Visiting the SOMIA plantation in Ambanja.

The day after we visited the family farm and the coop, we got a special tour of one of the biggest cocoa plantations in Madagascar, the Somia plantation.  Somia is run by Bertile’s Akkeson’s family (Bertile is the man we had lunch with on the beach on at Nosy Be) and supplies beans to some of the best chocolate companies in the world.  Somia is managed by a French agronomist named Ivan, who greeted us at the gates to show us around.

The first place we stopped at was the nursery.  There were 24,000 baby cacao trees getting ready to be planted.    Most of them were criollo/trinitario types because they produce better tasting beans.  Ivan explained that Somia was a mixed plantation with criollo, trinitario and forestero trees.  It is this particular mix that creates the distinctive flavour of Madagascar beans.

Next Ivan drove us to the plantation where we could take a closer look at the trees.   On the way there, he pointed out patches of empty spaces near banana trees  where the new trees would be planted.  Banana trees are one of the shade trees planted near cacao trees to protect them from direct sunlight.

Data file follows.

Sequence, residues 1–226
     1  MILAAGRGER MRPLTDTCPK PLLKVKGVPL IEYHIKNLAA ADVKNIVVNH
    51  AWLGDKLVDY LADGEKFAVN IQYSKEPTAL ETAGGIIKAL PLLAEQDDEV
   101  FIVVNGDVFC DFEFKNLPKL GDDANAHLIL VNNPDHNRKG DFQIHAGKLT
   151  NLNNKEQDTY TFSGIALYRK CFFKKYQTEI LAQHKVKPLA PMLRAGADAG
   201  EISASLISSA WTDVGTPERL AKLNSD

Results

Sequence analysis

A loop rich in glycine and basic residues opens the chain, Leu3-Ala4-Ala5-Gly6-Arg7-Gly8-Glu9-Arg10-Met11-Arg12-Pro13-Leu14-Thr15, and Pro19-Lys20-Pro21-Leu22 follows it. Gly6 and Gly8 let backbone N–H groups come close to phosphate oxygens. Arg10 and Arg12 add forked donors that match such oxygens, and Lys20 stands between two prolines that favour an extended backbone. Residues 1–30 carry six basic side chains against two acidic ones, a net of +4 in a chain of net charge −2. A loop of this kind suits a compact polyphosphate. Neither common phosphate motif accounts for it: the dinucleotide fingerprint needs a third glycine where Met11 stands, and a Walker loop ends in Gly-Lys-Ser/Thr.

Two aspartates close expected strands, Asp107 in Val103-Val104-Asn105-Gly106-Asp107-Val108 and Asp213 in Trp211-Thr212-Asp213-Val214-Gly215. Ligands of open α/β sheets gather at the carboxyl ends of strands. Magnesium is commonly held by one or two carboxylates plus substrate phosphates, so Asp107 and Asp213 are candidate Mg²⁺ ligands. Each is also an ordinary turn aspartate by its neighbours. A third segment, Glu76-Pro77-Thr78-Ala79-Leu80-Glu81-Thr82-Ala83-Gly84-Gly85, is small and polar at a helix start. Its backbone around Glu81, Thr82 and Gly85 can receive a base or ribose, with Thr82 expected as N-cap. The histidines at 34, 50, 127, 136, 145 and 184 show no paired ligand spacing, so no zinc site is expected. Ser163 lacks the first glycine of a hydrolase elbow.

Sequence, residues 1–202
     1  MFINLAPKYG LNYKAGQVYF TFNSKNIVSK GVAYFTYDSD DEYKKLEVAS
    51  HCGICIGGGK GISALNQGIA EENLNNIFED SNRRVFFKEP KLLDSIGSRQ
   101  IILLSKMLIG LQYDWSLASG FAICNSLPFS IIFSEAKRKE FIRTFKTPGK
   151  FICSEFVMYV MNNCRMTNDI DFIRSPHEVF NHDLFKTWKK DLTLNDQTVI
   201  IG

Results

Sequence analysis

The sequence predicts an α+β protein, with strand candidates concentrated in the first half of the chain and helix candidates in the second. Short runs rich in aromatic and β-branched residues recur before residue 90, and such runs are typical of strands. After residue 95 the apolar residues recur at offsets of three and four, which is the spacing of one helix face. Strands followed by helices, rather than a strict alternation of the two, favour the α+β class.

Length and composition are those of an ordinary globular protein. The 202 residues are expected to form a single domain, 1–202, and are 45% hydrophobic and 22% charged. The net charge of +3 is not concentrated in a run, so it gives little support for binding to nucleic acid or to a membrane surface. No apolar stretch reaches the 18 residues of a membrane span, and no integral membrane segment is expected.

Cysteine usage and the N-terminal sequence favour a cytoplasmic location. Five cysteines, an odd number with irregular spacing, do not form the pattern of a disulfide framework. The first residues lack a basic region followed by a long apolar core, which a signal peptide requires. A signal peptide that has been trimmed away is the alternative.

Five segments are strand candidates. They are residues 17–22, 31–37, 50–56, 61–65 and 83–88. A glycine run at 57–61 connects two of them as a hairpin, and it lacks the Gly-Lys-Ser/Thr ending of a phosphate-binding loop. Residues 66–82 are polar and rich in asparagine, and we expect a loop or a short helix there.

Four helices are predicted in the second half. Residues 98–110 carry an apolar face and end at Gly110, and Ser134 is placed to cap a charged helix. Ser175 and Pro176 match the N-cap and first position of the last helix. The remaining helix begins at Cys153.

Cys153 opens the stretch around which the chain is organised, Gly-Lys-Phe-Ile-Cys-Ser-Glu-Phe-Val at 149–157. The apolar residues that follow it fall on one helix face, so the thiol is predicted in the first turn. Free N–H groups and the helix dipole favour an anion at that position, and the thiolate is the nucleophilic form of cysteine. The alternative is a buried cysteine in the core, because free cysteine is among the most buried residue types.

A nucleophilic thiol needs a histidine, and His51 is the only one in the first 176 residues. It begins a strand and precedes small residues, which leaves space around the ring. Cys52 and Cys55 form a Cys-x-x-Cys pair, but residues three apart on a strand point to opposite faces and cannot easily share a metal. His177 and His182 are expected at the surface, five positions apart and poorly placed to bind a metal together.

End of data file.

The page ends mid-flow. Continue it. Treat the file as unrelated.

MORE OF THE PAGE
The plantation looked healthy and beautiful.  There were lots of ripe pods hanging from the trunk.  Ivan cut one open and showed us how both criollo and forestero beans could exist in one pod.  He also explained that the beans exhibit a range of flavours, with some trinitario tasting like forestero and some more like criollo.   I was learning more about cocoa agronomy in this one hour talking to Ivan than I had after years of doing my own research.  Ivan was obviously passionate about his work and he had years of expertise to draw from.  He told us that he started working with cacao on the island of Sao Tome, Africa.  The very same place where Claudio Corallo produces his great chocolate!

Ivan explained that one of the reasons that this plantation was so healthy was because there were good density between the trees.    Good density creates good circulation which decreases the need for maintenance.  All that’s left to do in these ideal conditions is to trim the trees of “suckers”.  Suckers are small branches that take energy from the main branch of the tree, resulting in a smaller yield.  A good tree will produce 80-90 pods per year.

We asked Ivan if there were any predators or diseases that were a threat to trees.   Ivan said that the biggest threat was probably thieves coming into the plantation at night!   He said that the conditions in Madagascar are perfect for growing cacao and that the trees are not affected by witch’s broom or some of the other diseases that can kill off trees.  As a result, the plantation is 100% organic.